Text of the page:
Original Articles

Aspects of language contact

Published in: South African Journal of African Languages
Volume 24, issue 4, 2004 , pages: 203–218
DOI: 10.1080/02572117.2004.10587237
Author(s): Pinky Makoe,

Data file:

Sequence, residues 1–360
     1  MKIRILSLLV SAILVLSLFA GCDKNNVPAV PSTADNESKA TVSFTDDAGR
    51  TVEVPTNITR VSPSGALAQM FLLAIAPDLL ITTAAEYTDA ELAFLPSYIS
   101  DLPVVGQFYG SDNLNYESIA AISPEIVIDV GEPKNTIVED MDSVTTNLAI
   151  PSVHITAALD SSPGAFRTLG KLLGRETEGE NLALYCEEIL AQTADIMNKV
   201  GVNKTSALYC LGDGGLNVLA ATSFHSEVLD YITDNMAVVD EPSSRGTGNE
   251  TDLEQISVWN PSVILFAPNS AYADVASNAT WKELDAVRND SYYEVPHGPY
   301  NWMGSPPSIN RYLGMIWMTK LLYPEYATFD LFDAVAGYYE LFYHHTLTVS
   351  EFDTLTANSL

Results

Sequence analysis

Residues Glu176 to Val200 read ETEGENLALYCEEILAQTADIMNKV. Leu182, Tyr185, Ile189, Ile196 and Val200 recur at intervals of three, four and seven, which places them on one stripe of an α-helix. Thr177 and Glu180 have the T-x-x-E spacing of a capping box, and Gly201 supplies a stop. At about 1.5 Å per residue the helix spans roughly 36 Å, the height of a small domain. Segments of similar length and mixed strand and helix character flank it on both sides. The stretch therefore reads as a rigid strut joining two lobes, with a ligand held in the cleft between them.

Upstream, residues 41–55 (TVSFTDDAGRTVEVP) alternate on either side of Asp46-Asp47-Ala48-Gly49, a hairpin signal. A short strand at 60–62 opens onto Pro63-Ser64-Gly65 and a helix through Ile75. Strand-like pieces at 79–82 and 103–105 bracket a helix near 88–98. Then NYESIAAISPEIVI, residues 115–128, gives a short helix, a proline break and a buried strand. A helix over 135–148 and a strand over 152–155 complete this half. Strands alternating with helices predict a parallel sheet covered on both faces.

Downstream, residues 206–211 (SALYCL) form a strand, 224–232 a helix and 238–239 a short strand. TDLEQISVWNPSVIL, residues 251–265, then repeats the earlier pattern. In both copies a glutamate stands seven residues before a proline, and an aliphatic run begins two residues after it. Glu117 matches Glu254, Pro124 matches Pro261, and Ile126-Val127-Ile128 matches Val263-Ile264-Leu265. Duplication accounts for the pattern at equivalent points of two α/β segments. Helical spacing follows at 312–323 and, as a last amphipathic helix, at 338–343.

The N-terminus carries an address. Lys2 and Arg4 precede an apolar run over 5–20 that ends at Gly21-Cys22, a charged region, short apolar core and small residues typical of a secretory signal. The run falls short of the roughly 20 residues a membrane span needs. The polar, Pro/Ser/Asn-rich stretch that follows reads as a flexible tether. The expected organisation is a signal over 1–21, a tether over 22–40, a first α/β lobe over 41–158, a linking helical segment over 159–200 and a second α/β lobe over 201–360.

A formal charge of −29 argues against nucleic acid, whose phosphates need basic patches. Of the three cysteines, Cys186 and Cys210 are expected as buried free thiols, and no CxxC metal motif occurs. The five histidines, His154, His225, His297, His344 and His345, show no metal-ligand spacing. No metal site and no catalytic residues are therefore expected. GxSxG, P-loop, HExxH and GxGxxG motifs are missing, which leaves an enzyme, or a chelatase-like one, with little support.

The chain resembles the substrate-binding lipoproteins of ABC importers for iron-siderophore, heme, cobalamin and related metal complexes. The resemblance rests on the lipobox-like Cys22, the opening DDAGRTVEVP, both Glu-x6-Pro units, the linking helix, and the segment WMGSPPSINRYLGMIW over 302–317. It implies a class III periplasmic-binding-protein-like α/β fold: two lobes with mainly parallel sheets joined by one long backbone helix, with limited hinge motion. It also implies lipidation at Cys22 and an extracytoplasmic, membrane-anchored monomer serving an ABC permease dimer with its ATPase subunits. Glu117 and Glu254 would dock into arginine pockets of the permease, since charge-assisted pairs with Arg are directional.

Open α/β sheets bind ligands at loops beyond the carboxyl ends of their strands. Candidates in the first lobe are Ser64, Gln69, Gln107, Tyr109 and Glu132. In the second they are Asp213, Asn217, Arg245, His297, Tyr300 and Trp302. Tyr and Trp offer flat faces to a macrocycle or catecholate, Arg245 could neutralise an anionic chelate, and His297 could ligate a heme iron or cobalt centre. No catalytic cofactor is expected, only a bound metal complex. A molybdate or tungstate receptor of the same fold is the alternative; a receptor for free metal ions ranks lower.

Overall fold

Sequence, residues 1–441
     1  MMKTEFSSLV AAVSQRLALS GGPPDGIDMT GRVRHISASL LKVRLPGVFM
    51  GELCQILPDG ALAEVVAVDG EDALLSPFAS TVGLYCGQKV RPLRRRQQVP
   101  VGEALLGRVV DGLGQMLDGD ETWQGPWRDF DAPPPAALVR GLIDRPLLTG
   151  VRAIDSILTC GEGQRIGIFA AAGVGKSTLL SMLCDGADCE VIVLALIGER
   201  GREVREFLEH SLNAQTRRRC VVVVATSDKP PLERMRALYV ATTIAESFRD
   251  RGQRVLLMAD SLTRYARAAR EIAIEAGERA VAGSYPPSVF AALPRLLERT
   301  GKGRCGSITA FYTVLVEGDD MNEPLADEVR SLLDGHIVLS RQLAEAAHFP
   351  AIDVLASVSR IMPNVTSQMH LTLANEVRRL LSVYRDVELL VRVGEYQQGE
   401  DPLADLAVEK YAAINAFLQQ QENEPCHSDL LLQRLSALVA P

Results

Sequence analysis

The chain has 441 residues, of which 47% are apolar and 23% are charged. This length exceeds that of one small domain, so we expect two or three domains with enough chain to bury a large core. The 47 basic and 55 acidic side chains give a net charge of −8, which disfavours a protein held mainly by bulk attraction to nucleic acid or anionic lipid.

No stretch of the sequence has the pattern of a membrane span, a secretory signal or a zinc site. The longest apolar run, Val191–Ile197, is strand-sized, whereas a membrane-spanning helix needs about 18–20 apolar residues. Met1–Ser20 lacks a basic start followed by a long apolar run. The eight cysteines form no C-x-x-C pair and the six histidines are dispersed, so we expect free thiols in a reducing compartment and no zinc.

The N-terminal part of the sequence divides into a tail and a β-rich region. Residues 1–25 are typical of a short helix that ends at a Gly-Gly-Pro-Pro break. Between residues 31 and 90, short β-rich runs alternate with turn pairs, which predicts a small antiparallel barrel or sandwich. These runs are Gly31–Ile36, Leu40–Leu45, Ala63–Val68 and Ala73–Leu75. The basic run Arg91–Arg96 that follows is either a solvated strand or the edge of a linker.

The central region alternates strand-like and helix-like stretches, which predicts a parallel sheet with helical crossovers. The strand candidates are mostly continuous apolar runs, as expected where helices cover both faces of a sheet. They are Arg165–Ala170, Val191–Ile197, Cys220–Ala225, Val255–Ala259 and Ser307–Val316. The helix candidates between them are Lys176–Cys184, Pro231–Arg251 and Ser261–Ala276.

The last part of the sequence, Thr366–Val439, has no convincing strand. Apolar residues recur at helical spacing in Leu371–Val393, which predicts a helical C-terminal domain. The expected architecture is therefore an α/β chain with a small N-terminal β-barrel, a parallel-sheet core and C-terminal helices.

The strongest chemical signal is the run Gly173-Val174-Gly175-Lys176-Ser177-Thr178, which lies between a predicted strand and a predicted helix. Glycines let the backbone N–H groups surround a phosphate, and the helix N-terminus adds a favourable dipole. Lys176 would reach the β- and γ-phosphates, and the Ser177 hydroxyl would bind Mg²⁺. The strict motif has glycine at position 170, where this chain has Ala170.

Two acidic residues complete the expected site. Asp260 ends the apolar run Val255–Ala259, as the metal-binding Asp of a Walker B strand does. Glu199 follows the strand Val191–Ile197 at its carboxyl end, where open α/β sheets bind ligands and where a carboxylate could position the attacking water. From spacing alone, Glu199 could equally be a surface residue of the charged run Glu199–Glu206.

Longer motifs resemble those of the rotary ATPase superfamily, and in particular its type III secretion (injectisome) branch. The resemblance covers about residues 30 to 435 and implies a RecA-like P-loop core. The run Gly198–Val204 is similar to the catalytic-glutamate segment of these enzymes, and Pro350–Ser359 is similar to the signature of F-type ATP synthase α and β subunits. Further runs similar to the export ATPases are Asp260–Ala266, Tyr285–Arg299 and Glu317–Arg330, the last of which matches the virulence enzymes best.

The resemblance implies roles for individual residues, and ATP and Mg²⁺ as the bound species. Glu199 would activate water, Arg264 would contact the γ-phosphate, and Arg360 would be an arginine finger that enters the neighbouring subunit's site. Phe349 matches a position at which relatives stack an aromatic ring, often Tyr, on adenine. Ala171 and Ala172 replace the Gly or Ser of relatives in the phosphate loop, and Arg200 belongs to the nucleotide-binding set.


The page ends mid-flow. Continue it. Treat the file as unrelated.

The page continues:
The objective of this paper is to report on a research project investigating the language behaviour of Sotho English bilinguals at a South African university. Sotho is used here as an umbrella term to refer to the Sotho group of languages: Sesotho (Southern Sotho), Sesotho sa Leboa (Nothern Sotho) and Setswana. The main aim of the research is to examine the linguistic constraints and social motivations for codeswitching. The research will include distinctions between codeswitching. codemixing and borrowing. At a general level the concept of language contact is the superordinate linguistic and philosophical category underpinning this research. Theoretically the research uses a number of approaches to describe and explain language contact: structuralist, interactionalist and psycho-social approaches, although the dominant framework used here is the structuralist one. Sociologically, the research demonstrates that codeswitching, codemixing and borrowing constitute a variety in which speakers exhibit differing degrees of structured abilities and may be unmarked or marked depending on the extent to which it reinforces or violates community norms.

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